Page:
The beauty of my generation, is that I get to claim that I am neither a digital native, nor a digital immigrant (per Mark Prensky).
Three schools years ago, which would be the year of 2005-06, two students of mine did senior projects that followed the same premise of a study that was recently put out by the Pew Internet and American Life Project (emailed to me courtesy of the MacArthur Foundation). The students told me that their parents and I misunderstood what gaming was really like. I told them to quit talking and start proving their point, which they did by the way.
These two students told me that video games and technology could be used in a much more efficient manner for today's students, which would help them be more engaged in their learning environments and subject matter. I must admit, I was convinced three years ago and am even more convinced today that they were right. They told me about the strong connections they had online, but I didn't quite understand it.
I may comment on this further at a later date, but wanted to share the article with you. If this post bored you, you can check out "Did You Know 2.0" on the web.
We are an online, project based school high school (7-12). Students must reside in Minnesota to be eligible, as we are a public school.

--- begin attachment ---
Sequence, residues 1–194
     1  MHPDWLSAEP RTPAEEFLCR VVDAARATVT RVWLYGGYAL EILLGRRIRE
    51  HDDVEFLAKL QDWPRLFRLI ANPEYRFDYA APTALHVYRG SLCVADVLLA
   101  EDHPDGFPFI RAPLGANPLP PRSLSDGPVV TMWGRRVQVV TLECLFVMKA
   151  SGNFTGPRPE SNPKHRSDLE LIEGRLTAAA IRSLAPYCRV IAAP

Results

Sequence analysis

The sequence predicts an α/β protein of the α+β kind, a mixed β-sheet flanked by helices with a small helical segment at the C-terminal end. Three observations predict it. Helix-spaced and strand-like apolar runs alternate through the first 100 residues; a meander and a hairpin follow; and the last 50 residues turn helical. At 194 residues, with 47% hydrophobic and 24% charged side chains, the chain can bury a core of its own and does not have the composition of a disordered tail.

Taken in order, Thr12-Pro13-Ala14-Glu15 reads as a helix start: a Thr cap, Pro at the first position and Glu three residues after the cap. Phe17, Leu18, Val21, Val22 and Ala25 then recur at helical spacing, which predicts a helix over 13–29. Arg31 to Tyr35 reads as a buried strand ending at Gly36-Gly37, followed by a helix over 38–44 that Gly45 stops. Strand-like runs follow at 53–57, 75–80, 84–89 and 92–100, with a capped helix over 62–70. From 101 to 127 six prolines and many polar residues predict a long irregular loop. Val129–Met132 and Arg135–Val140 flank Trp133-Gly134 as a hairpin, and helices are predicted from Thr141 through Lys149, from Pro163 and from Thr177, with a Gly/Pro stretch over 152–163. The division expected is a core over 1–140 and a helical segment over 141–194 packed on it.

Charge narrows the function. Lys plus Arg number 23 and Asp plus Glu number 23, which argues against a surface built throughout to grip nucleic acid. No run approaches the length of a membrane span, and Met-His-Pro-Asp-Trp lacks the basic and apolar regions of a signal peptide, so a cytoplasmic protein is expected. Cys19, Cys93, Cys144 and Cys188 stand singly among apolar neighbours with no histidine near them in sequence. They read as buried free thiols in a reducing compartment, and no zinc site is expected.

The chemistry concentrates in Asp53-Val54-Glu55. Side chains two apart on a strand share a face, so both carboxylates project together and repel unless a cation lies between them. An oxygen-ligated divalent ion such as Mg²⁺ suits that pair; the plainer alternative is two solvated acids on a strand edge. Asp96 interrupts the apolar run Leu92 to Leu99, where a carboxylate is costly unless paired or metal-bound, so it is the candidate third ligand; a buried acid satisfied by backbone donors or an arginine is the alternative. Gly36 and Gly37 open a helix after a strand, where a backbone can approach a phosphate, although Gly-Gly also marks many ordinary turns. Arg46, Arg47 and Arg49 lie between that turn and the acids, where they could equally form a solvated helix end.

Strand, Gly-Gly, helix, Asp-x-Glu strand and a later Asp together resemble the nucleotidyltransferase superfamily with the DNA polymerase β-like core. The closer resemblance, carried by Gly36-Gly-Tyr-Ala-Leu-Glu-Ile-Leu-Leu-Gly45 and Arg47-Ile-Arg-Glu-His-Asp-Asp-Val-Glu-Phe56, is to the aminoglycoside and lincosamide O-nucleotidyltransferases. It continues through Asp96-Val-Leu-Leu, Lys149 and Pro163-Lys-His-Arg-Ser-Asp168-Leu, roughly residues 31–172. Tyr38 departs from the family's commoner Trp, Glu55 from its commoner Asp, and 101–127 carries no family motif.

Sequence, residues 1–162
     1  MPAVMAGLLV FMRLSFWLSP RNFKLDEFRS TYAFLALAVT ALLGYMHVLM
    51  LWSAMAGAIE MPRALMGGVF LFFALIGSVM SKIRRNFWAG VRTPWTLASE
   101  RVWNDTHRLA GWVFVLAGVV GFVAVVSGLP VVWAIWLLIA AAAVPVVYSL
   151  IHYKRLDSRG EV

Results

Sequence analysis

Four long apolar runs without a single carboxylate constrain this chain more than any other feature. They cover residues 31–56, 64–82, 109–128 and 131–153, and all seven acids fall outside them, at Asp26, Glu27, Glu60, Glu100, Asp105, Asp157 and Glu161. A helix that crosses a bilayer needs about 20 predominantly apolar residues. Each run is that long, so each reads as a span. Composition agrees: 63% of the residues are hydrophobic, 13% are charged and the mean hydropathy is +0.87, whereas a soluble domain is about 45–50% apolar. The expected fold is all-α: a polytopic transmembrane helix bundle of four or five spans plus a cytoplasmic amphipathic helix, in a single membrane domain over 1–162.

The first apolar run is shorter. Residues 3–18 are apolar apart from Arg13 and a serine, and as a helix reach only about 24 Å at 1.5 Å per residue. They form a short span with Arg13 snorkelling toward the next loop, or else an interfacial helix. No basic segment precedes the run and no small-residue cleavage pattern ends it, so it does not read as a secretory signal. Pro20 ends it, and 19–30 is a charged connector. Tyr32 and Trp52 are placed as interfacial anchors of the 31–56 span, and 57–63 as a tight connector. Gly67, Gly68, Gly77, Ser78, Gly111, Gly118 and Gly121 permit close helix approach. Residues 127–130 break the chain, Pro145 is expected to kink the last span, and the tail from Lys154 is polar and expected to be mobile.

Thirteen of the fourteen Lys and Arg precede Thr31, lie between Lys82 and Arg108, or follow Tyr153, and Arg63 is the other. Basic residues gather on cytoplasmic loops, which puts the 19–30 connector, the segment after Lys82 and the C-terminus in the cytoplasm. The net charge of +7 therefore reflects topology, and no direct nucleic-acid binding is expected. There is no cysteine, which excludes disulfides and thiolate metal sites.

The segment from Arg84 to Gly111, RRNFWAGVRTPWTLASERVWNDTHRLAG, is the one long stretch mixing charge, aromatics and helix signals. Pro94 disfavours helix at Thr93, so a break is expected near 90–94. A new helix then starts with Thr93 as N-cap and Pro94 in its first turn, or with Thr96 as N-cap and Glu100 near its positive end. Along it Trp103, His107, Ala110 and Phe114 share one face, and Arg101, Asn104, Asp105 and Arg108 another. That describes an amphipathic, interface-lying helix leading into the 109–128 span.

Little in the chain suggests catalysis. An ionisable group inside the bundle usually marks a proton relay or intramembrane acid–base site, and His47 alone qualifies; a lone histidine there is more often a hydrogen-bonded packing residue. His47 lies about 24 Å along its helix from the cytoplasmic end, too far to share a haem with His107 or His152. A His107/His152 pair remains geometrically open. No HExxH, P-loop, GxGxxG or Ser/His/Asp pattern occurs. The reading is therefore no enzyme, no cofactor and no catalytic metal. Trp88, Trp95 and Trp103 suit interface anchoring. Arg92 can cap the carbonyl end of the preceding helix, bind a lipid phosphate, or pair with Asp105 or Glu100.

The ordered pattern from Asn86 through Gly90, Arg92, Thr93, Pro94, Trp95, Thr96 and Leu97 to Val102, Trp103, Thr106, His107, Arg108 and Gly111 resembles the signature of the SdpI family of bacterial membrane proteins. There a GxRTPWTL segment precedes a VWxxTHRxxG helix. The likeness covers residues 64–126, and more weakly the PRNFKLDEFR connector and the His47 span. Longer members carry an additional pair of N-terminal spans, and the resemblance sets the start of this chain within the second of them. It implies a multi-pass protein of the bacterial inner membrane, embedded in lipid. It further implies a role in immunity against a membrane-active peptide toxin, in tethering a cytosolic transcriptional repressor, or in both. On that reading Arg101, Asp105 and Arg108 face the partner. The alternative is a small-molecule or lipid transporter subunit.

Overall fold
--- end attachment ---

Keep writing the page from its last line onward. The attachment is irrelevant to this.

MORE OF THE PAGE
You can check us out here, email me or leave a comment should you be interested.
Tuesday, August 26, 2008
In retrospect, we could not have asked for a better trip. We were gone from home a total of 8 days, but spent full day in the air. On Monday we had our sight seeing day, while working Tuesday - Saturday. We are looking forward to our Japanese friends visit in September 2009. I am still finding myself thinking of "good morning" and "thank you" in Japanese.
I should have some more pictures soon, as well as time to provide additional commentary.
I am off to our staff meeting. ;)
Thursday, August 21, 2008
Coming to Japan has been an amazing learning experience. I have so many thoughts running through my head that it is hard to prioritize.
The pictures in this blog are many because they include both my shots, along with Mary's.
1) Honestly, I feel completely guilty about many aspects of American cultures. Since we have been here, we have been treating insanely well. I am growing fond of many Japanese traditions. Every supper this week has been in our (Dee, Mary and I's) honor, with many different venues and guests. Our hosts have taken such good care of us. It is hard to think being treated this well in another country.